Relevant To My Interests
Below are some links to websites that I frequently used when writing The King's Man. I like to pretend that every reader will be CAPTIVATED by this stuff, but I acknowledge that it's really just an excuse to clean out some of my most beloved bookmarks without actually losing them.
NOTE: I feel like a dunce - and an ingrateful dunce at that, because I failed to mention Sharon Kay Penman in the acknowledgements for The King's Man. The very idea for using the Welsh wars for independence as a setting came from her novels, and any readers interested in knowing more about this era should not hesitate to dig in to her Welsh Princes trilogy.
I read Here Be Dragons years ago, and was Utterly Sucked In to the drama of 13th century England/Wales, so I promptly inhaled Falls The Shadow and The Reckoning. It's a sad ending (spoiler alert: the Welsh lost) but so deeply researched and vividly rendered that I never regretted living in that world for like 2000 pages. She also has a website full of info.
Whatever you're looking for? It's probably here. So awesome. Especially because it has stuff like this.
A contribution from a young researcher named Layla, who generously shared this page filled with general information about a lot of aspects of medieval life - as well as many useful links for everything from cooking spices to architecture to troubadours.
This is the castle on which I based the castle of Morency. The castle's website has some great pictures and info, but the Wikipedia entry is honestly what I came back to most often.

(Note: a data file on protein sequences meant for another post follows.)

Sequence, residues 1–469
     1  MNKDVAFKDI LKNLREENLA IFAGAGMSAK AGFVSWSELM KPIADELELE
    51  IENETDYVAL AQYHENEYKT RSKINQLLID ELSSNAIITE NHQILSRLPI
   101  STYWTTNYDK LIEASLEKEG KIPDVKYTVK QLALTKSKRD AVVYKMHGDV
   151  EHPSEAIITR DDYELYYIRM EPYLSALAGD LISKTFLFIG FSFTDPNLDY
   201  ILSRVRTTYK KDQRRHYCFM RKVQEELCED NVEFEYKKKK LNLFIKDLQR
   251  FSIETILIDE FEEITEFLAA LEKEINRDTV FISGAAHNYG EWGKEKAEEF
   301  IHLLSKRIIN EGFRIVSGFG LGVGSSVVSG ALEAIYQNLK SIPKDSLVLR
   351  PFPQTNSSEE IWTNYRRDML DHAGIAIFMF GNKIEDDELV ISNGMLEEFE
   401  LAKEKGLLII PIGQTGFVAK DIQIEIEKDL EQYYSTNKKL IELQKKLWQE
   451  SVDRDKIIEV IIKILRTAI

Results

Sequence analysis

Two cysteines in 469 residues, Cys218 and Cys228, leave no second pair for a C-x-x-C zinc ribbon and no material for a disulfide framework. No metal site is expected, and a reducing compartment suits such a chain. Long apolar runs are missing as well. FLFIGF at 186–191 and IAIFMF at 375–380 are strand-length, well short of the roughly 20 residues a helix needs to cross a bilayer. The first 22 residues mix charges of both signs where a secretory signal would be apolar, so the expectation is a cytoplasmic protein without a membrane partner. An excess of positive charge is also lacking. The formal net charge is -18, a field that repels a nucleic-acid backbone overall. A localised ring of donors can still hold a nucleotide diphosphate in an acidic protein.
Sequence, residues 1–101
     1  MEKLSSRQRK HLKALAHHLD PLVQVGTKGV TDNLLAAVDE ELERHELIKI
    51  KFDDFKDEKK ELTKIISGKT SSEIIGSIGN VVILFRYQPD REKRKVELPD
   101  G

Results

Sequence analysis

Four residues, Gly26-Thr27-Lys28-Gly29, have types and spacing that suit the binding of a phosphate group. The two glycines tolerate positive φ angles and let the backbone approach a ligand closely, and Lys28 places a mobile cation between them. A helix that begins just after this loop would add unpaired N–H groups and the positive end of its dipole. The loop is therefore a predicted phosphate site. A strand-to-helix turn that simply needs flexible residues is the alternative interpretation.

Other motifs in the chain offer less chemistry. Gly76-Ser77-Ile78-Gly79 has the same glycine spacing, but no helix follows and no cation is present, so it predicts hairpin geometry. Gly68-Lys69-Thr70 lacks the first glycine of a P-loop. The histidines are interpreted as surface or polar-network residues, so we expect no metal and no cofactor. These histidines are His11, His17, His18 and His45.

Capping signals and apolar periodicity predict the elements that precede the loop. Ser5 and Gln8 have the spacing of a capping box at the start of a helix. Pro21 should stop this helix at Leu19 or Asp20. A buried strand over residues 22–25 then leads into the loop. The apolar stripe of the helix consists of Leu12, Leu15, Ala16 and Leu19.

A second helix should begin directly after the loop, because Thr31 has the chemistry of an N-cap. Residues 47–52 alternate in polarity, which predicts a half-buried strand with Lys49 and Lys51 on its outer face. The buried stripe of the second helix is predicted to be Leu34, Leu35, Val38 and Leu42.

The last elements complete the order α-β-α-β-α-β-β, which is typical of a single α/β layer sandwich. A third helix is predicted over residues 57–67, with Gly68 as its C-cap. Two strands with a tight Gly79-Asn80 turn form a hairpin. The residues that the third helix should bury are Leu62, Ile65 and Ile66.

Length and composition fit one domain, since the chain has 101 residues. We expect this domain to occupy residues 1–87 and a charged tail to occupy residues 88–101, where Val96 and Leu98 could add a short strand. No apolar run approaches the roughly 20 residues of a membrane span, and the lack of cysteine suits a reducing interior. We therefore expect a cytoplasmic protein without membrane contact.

The online version of the book, which was originally published in the 1930's. So "modern" is a relative term, here.
Meddygon Myddveu (The Physicians of Myddfai)
These Welsh physicians were around at least as early as the 12th century and they left behind their brilliant cures, many of which involve chicken anuses. (For realsies.)
You cannot imagine how many hours I spent staring at this thing, and yet no details ever stuck.
I am especially fond of the Parts of a Castle map - and there's a lot of good info all over that site.
In which we learn that maybe I shouldn't have used some of the names I did? This site is compiled by Actual Historians so it's the one I trust the most. Sadly, I found it LONG after I published my first two medievals.
Extremely useful - especially the Foods Never To Use section as a quick reference - but it always leaves me hungry.
A good place to start if you're utterly clueless about this sort of thing, as I was. (NOTE: I am only marginally less ignorant now.) But if you're packing for a trip back in time, you should really be consulting large and nearly incomprehensible books, and museum exhibits, and suchlike.
Hardly an exhaustive account but this serves as my cheat-sheet when I can't remember for the life of me who was in charge of what.